At the Gardiner Museum of Ceramic Art in Toronto, a perilous pillar of six large blue-and-white vases towers over an exhibition by Chinese art star and activist Ai Weiwei. The decorative vases look like traditional Chinese porcelain but a closer examination reveals images of soldiers with guns and fleeing refugees wrapped around the sides. Audiences who have followed Ai’s recent investigation of migration issues, including the meditative documentary Human Flow, may see the vases simply as an extension of that concern into the multi-disciplinary artist’s studio work. Yet in this exhibit, the vases are placed in the context of the artist’s relationship with his materials: The Gardiner Museum’s bright idea of a show devoted to his ceramics offers a smart synopsis of the artist’s working methods.
Ai first established himself as a conceptual artist. So, at the Gardiner, it is probably best to begin with a trio of photographs from 1995: Dropping a Han Dynasty Urn records the provocative moment when Ai did precisely that. The action was clearly an artistic critique of how we ascribe value to art and to history. Meanwhile Ai’s impassive face, his simple, baggy clothing (including black Chinese slippers) and his own replies to those outraged by the smashing of a 2,000 year-old artifact also link it directly to the Cultural Revolution’s purposeful destruction of Chinese art.
His investigation of how China values its past, and of the impact of the rapid economic liberalization that began in the 1990s, continued with works such as Coca-Cola Vase, a piece from 2007 in which he painted the ubiquitous soft-drink logo on to a Neolithic vase. This show also includes a work from 2015 in which he painted a quartet of larger Han urns with the automotive paints used for luxury cars.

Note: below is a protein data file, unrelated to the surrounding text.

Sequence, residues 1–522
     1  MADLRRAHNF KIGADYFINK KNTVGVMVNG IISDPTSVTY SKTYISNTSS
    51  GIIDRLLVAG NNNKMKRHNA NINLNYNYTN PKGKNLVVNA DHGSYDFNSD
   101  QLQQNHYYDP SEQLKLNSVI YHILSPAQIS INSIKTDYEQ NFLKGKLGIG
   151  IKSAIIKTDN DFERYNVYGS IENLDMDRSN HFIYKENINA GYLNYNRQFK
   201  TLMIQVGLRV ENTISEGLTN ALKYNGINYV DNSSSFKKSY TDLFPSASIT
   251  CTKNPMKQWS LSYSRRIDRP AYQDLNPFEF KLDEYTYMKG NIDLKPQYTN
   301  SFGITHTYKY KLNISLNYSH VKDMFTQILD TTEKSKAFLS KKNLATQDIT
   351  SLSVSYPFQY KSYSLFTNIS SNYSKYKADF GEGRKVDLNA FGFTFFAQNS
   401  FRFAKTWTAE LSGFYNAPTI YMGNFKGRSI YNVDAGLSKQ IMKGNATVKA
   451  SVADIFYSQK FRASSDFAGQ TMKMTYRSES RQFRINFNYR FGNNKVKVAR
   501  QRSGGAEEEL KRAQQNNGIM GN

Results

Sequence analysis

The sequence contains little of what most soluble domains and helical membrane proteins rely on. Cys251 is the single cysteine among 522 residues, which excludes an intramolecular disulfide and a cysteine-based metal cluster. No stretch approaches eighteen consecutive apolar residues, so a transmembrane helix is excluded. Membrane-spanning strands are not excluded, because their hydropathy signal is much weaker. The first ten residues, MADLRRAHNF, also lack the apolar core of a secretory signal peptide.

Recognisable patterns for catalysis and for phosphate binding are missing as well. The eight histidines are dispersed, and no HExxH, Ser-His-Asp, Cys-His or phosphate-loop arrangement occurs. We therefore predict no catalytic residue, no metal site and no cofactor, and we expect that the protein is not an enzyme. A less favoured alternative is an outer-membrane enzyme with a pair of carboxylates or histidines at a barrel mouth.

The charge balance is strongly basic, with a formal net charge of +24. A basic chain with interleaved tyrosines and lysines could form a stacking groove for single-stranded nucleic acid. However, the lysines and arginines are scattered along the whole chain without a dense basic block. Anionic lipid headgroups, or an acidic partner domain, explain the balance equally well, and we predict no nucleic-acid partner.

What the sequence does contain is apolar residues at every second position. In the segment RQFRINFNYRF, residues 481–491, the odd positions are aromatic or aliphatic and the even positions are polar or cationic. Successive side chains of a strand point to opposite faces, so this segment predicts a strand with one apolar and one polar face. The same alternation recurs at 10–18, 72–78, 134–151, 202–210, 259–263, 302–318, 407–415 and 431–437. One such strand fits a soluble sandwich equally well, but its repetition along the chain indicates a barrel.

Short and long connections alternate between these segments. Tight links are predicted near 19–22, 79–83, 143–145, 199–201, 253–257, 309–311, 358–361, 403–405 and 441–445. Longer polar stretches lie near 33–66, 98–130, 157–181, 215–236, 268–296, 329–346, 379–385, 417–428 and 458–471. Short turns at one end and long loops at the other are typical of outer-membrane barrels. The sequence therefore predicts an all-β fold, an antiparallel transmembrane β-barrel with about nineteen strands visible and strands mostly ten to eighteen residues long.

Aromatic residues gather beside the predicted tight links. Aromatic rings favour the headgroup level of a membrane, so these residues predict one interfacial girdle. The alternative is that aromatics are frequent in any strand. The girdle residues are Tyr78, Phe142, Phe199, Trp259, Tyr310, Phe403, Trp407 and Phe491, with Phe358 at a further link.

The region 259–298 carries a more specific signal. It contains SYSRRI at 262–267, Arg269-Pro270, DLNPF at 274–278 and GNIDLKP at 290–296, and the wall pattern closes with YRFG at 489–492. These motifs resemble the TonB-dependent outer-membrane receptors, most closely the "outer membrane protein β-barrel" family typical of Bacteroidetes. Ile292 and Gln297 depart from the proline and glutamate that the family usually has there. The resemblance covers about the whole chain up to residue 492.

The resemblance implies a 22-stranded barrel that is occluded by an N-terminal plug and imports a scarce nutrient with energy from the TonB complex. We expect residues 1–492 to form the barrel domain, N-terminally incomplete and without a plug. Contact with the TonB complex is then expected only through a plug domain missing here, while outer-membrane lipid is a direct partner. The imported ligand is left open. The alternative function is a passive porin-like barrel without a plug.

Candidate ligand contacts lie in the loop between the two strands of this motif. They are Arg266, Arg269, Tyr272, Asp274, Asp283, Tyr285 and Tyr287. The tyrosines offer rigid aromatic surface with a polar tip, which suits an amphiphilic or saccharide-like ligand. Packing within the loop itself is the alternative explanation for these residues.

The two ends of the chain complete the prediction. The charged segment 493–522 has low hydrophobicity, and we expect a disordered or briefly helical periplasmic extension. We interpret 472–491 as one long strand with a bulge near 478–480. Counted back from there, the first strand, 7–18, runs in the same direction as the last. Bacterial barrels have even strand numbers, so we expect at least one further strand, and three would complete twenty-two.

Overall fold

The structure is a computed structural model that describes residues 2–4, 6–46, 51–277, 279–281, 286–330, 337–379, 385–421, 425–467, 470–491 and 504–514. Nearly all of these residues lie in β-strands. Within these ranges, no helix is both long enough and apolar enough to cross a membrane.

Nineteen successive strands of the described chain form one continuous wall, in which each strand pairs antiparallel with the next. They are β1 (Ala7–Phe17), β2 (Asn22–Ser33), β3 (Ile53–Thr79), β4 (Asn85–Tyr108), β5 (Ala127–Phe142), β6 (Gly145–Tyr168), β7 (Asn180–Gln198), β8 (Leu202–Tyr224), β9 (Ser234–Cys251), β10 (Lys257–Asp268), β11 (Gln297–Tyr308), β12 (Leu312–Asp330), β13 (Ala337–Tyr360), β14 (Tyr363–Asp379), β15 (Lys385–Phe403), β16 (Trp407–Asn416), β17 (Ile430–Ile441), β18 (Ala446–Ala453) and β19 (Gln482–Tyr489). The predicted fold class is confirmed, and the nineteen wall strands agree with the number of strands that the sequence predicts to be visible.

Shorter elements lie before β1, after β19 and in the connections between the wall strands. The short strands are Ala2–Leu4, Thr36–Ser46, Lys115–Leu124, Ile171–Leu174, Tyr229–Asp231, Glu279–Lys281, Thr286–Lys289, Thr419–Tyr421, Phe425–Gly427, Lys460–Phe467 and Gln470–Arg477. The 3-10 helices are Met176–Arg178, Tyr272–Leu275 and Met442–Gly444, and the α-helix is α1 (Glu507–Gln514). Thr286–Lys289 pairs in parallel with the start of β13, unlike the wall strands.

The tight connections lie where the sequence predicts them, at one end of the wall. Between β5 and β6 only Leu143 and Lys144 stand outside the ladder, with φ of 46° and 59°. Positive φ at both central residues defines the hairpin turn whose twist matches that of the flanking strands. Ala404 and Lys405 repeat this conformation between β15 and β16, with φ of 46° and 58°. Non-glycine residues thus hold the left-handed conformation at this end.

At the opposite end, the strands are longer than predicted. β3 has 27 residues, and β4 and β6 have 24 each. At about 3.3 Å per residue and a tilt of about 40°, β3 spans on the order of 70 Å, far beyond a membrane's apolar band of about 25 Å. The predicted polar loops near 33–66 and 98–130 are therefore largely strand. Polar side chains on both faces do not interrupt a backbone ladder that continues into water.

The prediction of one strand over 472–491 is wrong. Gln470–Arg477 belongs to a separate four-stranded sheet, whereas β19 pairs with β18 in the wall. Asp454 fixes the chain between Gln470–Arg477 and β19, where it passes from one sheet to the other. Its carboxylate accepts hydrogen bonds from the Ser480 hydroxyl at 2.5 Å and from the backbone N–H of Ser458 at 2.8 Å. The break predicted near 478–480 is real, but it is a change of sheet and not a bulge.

How much desecration is involved here? As China’s building boom unearthed quantities of old pottery from the ground, these ceramics flooded into flea markets where Ai could easily buy them. Gardiner chief curator Sequoia Miller points out the Han urn of 1995 was a lesser example of ancient pottery that was mass produced, and that even the 5,000 to 7,000-year-old Neolithic vase is not a particularly valuable specimen of its kind.
Ironically, pieces such as these are now worth far more than the ancient originals Ai repurposes. The ubiquity and the devaluation of these historic materials is, of course, the artist’s point. In Dust to Dust of 2009, he fills a wooden cabinet with jars containing the remnants of ancient pottery shards, which have been ground up for the purpose. That pottery may be reduced to dust, but Ai also made a habit of rescuing old wooden doors from demolition sites; here, in a handful of carved stone pieces included among the ceramics, the artist produces copies of the doors in marble, that heroic (and Western) sculptural medium.
Mind you, Ai is not carving the marble himself, nor throwing, glazing and firing pots. His work in ceramics began when he first approached studios in Jingdezhen, a city in southern China known as a centre for porcelain production, and asked them to replicate Qing dynasty china as his own art: the show includes a pair of baluster vases in blue and white from 1996. As ordered up by a living artist are they fakes, replicas or contemporary art?